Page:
Like many literary journals, Rockvale Review will publish online, but the flexibility of technology also allows its editors to live in various places around the Southeast and Midwest, North Carolina poet Nancy Posey among them. For the full masthead, click here.

Poets interested in placing their work with Rockvale Review should note their two open reading periods, July 1 through September 30 (with an issue published in November) and January 1 through March 31 (with an issue published in May). Submissions will not be read outside of these reading periods.

Send 1-3 poems, no longer than 75 lines each. All submissions are read blind. Currently, issues are not themed. For full submission guidelines, click here.

Keep your eye on for the new release in November. You can also follow them on Facebook and Twitter.

CHPL Celebrates Banned Books with Trading Cards

National Banned Books Week runs September 24-30. It’s a time for readers, librarians, and booksellers to celebrate those works that sometimes find themselves on the wrong side of school administrators. Books such as Catcher in the Rye, Slaughterhouse Five, and even Where’s Waldo? have all been in the crosshairs at one point or another.

In anticipation of this week-long celebration, Chapel Hill Public Library and the Cultural Arts Division of the Town of Chapel Hill Parks & Recreation Department are teaming up to host the 5th Annual Banned Books Week Artist-Designed Trading Cards competition:

The Chapel Hill Public Library (Library), in partnership with the Cultural Arts Division, celebrates intellectual freedom and Banned Books Week in an interesting, fun, and unique way. We ask local artists to create small scale (5” wide x 7” tall) works of art inspired by a banned/challenged book or author.

Based on their artistic excellence, seven of these works will be selected by a jury to receive $100 awards and be printed as trading cards, with the artwork on the front and the artist’s statement and information about the highlighted book or author on the back. All entries will be displayed during BBW and beyond at the Library and selected artist-designed cards will be printed and distributed to the public at the Library and other locations in the area. A special $100 award for best youth entry will also be given to an artist under 18 years of age.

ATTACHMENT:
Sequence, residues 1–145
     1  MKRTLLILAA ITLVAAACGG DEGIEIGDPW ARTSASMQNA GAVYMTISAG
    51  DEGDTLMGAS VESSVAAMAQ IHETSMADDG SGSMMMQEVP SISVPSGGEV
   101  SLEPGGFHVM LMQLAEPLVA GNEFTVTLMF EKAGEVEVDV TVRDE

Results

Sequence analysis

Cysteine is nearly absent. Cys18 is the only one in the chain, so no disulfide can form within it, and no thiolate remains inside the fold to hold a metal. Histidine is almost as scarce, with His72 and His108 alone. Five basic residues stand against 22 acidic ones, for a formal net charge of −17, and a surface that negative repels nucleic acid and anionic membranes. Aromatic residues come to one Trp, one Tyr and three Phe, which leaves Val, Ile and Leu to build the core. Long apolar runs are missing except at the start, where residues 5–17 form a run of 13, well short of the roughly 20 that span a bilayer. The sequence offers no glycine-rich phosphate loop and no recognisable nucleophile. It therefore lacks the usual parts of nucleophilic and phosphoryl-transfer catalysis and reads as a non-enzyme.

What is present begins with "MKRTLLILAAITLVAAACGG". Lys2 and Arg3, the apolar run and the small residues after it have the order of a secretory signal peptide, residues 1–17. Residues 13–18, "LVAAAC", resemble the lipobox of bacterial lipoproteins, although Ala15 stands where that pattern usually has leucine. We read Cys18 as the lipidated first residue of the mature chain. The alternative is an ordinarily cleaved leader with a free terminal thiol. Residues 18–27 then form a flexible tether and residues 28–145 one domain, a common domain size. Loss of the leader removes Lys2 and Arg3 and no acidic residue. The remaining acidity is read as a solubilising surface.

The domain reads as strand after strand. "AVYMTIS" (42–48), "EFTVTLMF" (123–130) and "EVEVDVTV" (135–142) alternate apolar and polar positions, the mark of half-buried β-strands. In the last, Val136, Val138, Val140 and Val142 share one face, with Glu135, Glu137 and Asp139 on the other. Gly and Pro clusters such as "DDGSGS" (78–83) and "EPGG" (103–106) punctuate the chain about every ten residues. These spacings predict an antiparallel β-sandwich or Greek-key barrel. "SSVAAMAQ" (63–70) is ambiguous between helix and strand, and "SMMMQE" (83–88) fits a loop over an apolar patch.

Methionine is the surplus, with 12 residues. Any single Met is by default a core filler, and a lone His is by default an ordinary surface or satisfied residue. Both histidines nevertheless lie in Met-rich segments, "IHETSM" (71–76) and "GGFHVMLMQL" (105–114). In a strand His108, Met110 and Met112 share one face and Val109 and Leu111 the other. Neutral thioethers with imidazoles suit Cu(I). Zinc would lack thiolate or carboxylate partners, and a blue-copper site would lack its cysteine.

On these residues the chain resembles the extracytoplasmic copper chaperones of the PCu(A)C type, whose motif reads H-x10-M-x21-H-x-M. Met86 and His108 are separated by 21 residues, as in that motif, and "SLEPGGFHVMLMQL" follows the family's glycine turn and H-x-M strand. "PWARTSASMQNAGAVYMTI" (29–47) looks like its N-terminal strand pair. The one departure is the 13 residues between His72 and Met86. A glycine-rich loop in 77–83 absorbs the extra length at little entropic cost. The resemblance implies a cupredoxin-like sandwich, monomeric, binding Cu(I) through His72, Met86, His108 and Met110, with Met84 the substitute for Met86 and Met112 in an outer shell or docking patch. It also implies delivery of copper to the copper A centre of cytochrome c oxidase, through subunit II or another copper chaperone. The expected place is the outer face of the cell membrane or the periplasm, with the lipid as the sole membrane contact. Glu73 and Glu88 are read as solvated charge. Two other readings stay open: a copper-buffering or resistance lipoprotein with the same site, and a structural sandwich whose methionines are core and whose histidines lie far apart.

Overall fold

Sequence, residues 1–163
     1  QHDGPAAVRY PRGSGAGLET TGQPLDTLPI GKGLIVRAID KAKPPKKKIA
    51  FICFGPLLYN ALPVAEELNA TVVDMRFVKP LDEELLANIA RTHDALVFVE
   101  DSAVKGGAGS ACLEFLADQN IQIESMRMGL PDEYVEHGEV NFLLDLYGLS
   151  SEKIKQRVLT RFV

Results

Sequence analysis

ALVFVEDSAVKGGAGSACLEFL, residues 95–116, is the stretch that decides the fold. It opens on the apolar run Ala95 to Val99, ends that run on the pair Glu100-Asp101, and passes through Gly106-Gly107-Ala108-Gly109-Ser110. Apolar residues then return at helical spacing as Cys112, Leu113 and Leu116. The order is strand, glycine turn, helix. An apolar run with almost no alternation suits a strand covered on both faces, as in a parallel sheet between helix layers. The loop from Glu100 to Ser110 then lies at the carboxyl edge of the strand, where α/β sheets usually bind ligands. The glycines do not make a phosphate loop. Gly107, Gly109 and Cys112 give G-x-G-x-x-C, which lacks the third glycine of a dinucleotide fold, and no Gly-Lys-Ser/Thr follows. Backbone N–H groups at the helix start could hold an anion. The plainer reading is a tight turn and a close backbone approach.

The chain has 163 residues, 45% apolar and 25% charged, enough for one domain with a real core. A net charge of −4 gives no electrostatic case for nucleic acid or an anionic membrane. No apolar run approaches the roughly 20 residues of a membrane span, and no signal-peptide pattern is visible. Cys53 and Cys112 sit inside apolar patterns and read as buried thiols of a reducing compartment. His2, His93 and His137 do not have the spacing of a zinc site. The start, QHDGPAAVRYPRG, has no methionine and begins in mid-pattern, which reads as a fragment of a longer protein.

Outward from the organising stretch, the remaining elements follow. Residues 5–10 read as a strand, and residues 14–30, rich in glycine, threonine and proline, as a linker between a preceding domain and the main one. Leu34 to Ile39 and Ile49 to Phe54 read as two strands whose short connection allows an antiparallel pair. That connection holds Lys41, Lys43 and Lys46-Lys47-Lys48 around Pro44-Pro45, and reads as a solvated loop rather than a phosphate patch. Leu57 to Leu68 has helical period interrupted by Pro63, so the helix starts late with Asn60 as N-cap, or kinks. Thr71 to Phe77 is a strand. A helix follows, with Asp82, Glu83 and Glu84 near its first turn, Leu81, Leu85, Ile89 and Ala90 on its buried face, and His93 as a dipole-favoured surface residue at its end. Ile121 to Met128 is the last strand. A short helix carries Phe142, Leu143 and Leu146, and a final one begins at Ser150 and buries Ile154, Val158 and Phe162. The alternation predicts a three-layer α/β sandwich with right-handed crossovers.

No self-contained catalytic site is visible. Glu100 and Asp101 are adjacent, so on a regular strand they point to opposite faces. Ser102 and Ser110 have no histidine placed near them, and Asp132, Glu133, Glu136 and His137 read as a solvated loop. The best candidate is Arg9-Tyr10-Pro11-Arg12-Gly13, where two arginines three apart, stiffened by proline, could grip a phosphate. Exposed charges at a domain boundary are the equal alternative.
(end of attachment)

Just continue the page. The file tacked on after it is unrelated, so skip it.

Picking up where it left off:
Open to artists of all ages within Orange, Durham, Wake, Chatham, and Alamance Counties.

The deadline is August 28.

All submissions must be in hard copy format on paper (digital artwork is encouraged, but must be submitted on paper. Artists, please print in high quality.).

Original artwork will be returned to the artist at the conclusion of the project unless the piece wins. Winning entries will be auctioned to support the Friends of Chapel Hill Public Library, a 501-C3 non-profit. Artists may submit up to three different works of art.

All submissions must measure 5 inches wide by 7 tall inches (no horizontal artwork accepted) and include a ¼ inch bleed on all sides (meaning important words and images should be ¼ inch inside of the edges of the artwork; see diagrams and template). Final printed cards will measure 2.5 wide by 3.5 inches tall; the standard size of a trading card.

Each submission must be accompanied by a complete submission form that includes name, age and contact information for the artist; the title of the book and name of the author that inspired the artwork; and a brief 50-word-or-less statement of how the piece reflects the book and/or author.

Nonconforming entries will not be eligible for exhibition or award. By submitting artwork to this exhibition, artists are granting Chapel Hill Public Library the right to reproduce artwork images for publicity and/or sale of reproductions of the submitted design in any medium to benefit the library.

A Selection Committee comprising local arts and literary professionals, Library staff and Cultural Arts Commission members will review all complete submissions and select seven finalists whose works will be printed as trading cards.